Two separate patient outcomes were examined. The first was whether or not patients required a more intense level of care post MET-RD. ‘Higher level of care’ was considered to exist when patients experienced any of the following: increased respiratory support (nasal cannulae, high flow oxygen, mechanical ventilation); increased cardiac support (fluid resuscitation, blood products, pharmacological blood pressure support or pharmacological cardiac rhythm support); emergent diagnostic or surgical procedure (angiography, cardiac cath lab, central venous catheterisation, EEG, electrocardiogram, CT, MRI, operating room); transfer to a higher acuity patient care unit. The second patient outcome examined was death between the MET-RD call and discharge. Study data were extracted by the study's principal investigator (LKO) and a graduate research assistant. To assess data collector quality control, 10% of records were reviewed separately by both data collectors and values for study variables compared, with no discrepancies noted between data collectors.
Statistical analysis was performed using SAS 9.2. Continuous variables were reported as mean±SD, and comparisons were made using univariate binary logistic regression. Categorical variables were reported as frequencies with percentages, and comparisons were made using χ2 tests and Fisher's exact test. Statistical significance was set at a p value of <0.05.
The distribution of the 111 MET-RD calls across day of week and time of day are illustrated in figure 1. MET-RD calls occurred more frequently in the middle of the week (Wednesday) and between 08:00 and 12:00 (30%).
Over 70% of patients required a higher level of care post MET-RD call (figure 2). Half required increased respiratory support and, of those not on mechanical ventilation prior to transport, 26% required mechanical ventilation. Of the 67 patients not admitted to an ICU prior to the MET-RD call, 38 were transferred to a higher acuity unit, 28 were newly admitted to an ICU, and 10 were sent to monitored non-ICU beds. Of the 26 patients who required an emergent procedure post MET-RD call, seven were sent to the operating room. In addition, 11 patients underwent further RD procedures (CT, angiography or MRI) post MET-RD call prior to leaving the RD. One in four patients (25%) who experienced a MET-RD call died prior to hospital discharge.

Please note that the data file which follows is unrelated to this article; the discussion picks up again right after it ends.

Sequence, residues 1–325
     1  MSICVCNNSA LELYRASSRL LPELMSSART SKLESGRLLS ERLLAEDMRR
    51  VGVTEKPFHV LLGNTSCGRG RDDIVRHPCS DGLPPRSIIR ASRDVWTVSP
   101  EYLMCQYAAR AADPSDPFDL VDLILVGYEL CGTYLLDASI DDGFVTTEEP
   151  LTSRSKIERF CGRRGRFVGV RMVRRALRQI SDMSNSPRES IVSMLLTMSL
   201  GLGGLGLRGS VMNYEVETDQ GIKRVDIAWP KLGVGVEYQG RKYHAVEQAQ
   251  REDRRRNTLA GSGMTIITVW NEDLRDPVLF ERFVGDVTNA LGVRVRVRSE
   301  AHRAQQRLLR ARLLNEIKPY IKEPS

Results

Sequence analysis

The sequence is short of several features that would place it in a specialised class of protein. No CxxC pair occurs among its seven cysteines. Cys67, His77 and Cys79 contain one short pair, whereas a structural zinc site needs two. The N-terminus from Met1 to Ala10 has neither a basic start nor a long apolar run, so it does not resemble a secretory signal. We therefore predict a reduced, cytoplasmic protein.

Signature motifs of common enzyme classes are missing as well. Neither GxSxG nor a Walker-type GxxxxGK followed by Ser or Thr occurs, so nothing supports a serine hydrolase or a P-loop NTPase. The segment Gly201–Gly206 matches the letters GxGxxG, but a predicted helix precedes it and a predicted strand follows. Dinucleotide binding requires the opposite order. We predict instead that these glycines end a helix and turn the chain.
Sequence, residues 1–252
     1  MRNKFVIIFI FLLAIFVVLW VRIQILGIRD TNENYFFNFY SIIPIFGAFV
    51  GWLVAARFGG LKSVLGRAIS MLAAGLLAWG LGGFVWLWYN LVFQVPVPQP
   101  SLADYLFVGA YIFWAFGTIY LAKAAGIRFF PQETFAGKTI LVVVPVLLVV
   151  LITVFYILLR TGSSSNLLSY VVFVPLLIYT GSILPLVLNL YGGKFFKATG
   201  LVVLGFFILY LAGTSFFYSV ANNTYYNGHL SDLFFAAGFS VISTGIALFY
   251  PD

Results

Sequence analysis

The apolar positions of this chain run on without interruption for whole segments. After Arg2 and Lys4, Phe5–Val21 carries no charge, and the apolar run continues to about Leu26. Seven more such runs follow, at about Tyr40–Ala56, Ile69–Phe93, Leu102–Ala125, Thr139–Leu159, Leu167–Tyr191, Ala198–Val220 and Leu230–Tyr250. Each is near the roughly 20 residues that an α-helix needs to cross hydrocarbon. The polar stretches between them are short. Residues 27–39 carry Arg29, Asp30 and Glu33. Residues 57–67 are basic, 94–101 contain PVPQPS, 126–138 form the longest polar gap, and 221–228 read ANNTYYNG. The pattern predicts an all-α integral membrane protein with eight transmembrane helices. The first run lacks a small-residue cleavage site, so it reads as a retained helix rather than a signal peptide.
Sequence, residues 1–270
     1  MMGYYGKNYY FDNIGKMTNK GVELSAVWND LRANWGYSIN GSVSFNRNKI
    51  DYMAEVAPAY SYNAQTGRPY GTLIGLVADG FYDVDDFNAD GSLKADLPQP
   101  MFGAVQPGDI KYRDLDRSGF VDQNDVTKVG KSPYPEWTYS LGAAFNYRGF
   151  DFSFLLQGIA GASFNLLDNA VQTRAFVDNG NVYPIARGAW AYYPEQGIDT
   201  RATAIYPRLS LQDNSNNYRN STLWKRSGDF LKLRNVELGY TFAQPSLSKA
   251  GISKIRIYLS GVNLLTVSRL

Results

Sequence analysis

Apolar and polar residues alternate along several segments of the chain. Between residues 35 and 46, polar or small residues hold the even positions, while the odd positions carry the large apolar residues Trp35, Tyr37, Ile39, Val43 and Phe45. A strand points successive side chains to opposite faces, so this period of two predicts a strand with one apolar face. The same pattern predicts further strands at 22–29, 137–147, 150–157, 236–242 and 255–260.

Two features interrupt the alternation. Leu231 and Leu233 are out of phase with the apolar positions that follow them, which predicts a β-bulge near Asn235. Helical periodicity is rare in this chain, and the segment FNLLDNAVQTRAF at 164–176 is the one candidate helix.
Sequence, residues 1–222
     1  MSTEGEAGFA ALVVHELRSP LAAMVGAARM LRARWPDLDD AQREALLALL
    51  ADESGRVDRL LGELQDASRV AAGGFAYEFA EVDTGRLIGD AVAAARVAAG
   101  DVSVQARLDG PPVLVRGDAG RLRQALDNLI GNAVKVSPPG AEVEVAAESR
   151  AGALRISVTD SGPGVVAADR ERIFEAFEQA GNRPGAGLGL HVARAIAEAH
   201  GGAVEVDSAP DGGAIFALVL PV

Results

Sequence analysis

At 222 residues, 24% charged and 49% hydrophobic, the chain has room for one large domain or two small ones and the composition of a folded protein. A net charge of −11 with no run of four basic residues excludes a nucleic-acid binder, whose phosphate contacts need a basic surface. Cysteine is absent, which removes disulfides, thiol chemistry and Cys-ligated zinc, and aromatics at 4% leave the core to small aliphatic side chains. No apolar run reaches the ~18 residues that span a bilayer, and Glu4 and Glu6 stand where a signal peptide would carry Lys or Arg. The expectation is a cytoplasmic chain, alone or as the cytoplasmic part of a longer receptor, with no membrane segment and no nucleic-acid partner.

The characteristics of the patients prior to their RD transport were middle aged, Caucasian (81%) and with an equal distribution of women and men (table 1). Patients were evenly distributed across admitting diagnosis categories, with a slightly higher proportion with a neurological diagnosis (24%). The average CCI was approximately 4, with the most common comorbidities being renal (61%), cerebral vascular disease (28%), diabetes (22%), myocardial infarct (21%) and cardiopulmonary disease (20%). The majority of patients (60%) originated from non-ICUs. Almost half (43%) experienced the MET-RD call on their first day of hospitalisation. Many (65%) were on respiratory support, most commonly by nasal cannula oxygen (38%). In addition, prior to transport to the RD, 25% received cardiovascular support and 23% received sedation. Cardiac arrhythmias were documented in 27%. In the 12 h prior to the MET-RD call, 16% of patients had at some point met or exceeded MET call vital sign thresholds. While only 5% and 2% exceeded MET criteria for respirations and heart rate, respectively, 28% experienced tachypnoea (breaths/min ≥24) and 34% experienced tachycardia at levels below MET call thresholds (ie, between 100 and 160 beats/min).
When evaluating the association between patient characteristics prior to RD transport and the outcome of need for a higher level of care post MET (table 1), no significant differences were identified between patients requiring higher levels of care and those who did not. However, several trends were noted. Not surprisingly, non-ICU patients more often required a higher level of care (63%, p=0.43) as did patients who arrived on nasal cannula oxygen (28%, p=0.15). Of the patients with respirations ≥30 breaths/min, 92% required a higher level of care compared with 77% of patients with respirations ≥24 breaths/min.
In terms of patient characteristics prior to RD transport and associated inpatient mortality post MET-RD call (table 1), we observed a non-statistically significant trend towards increased mortality for men compared to women (68% vs 32%, p=0.09). A significantly greater proportion of the patients who died originated from an ICU (57%) than a ward (43%, p=0.03), and had been receiving cardiovascular support prior to arrival at the RD (39% vs 17%; p=0.02). However, a prior cardiac arrhythmia did not confer any significant mortality risk.